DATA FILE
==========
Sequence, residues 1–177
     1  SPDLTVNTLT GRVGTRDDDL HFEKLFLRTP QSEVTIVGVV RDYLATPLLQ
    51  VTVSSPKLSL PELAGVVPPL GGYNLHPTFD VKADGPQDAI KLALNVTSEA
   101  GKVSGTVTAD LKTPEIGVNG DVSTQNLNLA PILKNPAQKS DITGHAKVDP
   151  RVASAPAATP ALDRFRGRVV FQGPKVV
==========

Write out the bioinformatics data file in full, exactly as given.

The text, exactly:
Sequence, residues 1–177
     1  SPDLTVNTLT GRVGTRDDDL HFEKLFLRTP QSEVTIVGVV RDYLATPLLQ
    51  VTVSSPKLSL PELAGVVPPL GGYNLHPTFD VKADGPQDAI KLALNVTSEA
   101  GKVSGTVTAD LKTPEIGVNG DVSTQNLNLA PILKNPAQKS DITGHAKVDP
   151  RVASAPAATP ALDRFRGRVV FQGPKVV